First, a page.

That word translated as ‘wicked’ is the Greek word ‘athesmos’, meaning one who breaks through the restraint of law and gratifies his lusts. In other words, the ‘wicked’ that Peter speaks of are those who are Lawless or Torahless! He is warning believers not to be led away by the error of the Torahless, because that is not what Paul teaches! (This also confirms that Peter agrees entirely with John, who says that “sin is the transgression of the Law [Torah].” (1John 3:4)
Paul and Circumcision
It appears that Paul sincerely (though mistakenly) believed that Gentiles do not need to be circumcised in the flesh since the Holy Spirit had already recognized the circumcision of their hearts. We believe that he sponsored Timothy’s circumcision for the sole purpose of allowing Timothy to minister without restraint to his precious Jewish brethren, who would otherwise have ostracized him.
This action was taken out of LOVE, and was entirely without hypocrisy or any intent to deceive, since Timothy was a genuine Jew. This is what Paul meant when he spoke of becoming ‘all things to all men.’ (1Corinthians 9:22)
Nevertheless, it certainly appears from other statements in other epistles that Paul put no genuine value on physical circumcision for Gentile Christians.
Apostolic Error? Really?
If this was genuinely his stand, then we must find Paul to be in error, because such a stand does not agree with Tanakh. For example, Y’shua taught us to remember His death and resurrection with the Cup of Redemption and matzoh at Passover (1Corinth 11:25-26), while YHVH specifically instructed:
And when a stranger [Gentile] shall sojourn with thee, and will keep the passover to YHVH, let all his males be circumcised, and then let him come near and keep it; and he shall be as one that is born in the land: for no uncircumcised person shall eat thereof. Exodus 12:48
We could ‘spiritualize’ that statement by asserting that YHVH was ‘really’ talking about the circumcision of the heart, but that kind of rationalization disregards (1) the validity of the terms of the Covenant and (2) the reliability of God’s Word. We would prefer to be guilty of being too literal than guilty of ignoring YHVH’s direct instructions. We would rather be guilty of disregarding Paul’s instructions than of disobeying YHVH’s instructions!
That Paul was in error is certainly not impossible. He was a mortal man, subject to error just as all of us are. We’ve already seen that Peter ministered in error for a number of years, believing that Gentiles could not even be saved! YHVH had to give Peter a special revelation to help him break away from that error. (Acts 10:34) Had He not, Gentiles would have been forever shut out from hearing the Good News of the Kingdom!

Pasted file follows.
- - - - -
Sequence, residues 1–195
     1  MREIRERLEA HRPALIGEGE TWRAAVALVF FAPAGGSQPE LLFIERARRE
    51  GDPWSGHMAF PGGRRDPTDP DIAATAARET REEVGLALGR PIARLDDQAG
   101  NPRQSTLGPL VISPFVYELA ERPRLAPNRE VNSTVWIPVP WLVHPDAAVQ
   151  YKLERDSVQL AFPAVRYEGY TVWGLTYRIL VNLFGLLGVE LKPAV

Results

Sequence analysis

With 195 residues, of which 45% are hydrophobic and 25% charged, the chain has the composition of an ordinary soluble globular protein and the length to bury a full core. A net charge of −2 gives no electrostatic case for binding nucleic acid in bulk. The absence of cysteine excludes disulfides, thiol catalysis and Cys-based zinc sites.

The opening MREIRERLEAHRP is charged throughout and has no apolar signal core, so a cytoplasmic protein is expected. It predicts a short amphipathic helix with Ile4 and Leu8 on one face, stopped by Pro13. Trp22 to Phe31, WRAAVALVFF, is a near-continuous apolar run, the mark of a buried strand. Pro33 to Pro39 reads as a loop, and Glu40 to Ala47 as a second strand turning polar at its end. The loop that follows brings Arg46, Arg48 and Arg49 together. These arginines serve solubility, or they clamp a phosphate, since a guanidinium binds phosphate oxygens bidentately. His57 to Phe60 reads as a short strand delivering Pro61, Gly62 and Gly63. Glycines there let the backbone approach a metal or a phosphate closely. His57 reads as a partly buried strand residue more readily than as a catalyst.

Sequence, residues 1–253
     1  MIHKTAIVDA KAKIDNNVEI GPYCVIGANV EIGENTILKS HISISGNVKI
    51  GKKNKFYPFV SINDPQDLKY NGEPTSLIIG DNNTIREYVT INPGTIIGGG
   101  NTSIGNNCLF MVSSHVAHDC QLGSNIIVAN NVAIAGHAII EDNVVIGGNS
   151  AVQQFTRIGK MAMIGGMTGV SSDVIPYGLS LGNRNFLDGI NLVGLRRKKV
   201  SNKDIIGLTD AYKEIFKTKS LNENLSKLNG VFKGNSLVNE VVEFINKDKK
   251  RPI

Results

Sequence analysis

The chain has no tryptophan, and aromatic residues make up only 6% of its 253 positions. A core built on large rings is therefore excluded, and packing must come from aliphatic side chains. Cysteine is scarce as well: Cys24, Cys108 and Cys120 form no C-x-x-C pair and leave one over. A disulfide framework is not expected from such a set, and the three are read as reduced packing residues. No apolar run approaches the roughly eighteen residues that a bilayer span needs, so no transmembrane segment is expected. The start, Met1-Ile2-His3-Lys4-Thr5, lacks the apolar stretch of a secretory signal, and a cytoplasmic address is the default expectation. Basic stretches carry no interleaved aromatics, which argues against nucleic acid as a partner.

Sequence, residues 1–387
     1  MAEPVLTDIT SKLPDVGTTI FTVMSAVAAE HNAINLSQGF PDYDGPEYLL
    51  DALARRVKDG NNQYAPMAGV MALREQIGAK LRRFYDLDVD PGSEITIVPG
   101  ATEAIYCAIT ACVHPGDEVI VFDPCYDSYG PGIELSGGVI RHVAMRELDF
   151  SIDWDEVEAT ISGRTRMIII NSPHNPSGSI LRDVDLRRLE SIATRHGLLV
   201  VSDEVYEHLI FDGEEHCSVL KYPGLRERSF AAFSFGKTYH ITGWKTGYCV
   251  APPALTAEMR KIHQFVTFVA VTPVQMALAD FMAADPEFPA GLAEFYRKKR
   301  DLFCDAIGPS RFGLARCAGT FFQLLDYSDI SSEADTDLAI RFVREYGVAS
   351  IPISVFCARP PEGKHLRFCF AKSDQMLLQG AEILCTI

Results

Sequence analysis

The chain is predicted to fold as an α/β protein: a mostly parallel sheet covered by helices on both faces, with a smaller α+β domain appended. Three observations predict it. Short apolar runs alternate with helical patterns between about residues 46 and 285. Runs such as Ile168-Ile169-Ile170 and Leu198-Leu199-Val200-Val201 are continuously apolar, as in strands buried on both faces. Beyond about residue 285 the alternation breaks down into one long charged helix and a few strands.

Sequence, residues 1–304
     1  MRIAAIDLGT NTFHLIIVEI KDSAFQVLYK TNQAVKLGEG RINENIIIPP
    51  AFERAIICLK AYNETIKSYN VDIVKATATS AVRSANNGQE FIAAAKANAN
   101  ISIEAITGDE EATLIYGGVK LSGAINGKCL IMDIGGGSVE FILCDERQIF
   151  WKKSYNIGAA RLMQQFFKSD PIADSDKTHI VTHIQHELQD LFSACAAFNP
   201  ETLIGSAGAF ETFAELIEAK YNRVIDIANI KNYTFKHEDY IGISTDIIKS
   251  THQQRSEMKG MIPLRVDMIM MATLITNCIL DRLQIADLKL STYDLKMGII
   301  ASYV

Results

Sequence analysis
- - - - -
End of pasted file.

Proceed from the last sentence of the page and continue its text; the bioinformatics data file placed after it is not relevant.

The consequences of Paul’s mistaken understanding of fleshly circumcision would not be nearly so severe, so it is possible that he never received special revelation concerning his stand; or, if he did, his Gentile converts may have refused to hear it or retain a record of it, since they had already become accustomed to being ‘lawless.’
Paul taught from an elevated view of scripture that at times became more mystical than realistic. Thankfully, he is correct that YHVH really does look for the circumcision of the heart as His top priority, and one’s genuine love for YHVH ‘covers a multitude of sins.’ (1Pet 4:8 NIV) If a brother has neglected circumcision only out of ignorance or because local law prohibits his obtaining circumcision (which is the case for many Americans), our loving and merciful YHVH will be looking at his heart motivation, not his extra skin… (See Ezekiel 18)
Paul and Silas anger the slave girl’s owners
When the owners of the slave girl realized that their hope of making money was gone, they seized Paul and Silas and dragged them into the marketplace to face the authorities. They brought them before the magistrates and said, “These men are Jews, and are throwing our city into an uproar by advocating customs unlawful for us Romans to accept or practice.” Acts 16:19-21, NIV
When Paul and Silas exorcised the demon that allowed the slave girl to tell fortunes, it meant a tremendous loss of income to her owners. They were really ticked off and wanted restitution, so they hauled Paul and Silas into court.
Note their accusation: “These men are Jews, and are throwing our city into an uproar by advocating customs unlawful for us Romans to accept or practice.”
These Romans identified Paul’s teachings as “Jewish” – not Nazarene or Christian. Paul himself and his disciples were perceived as Jewish. This gives us a strong indication that their appearance and message aligned in major ways with that of the larger Judaic community – they didn’t ‘stick out.’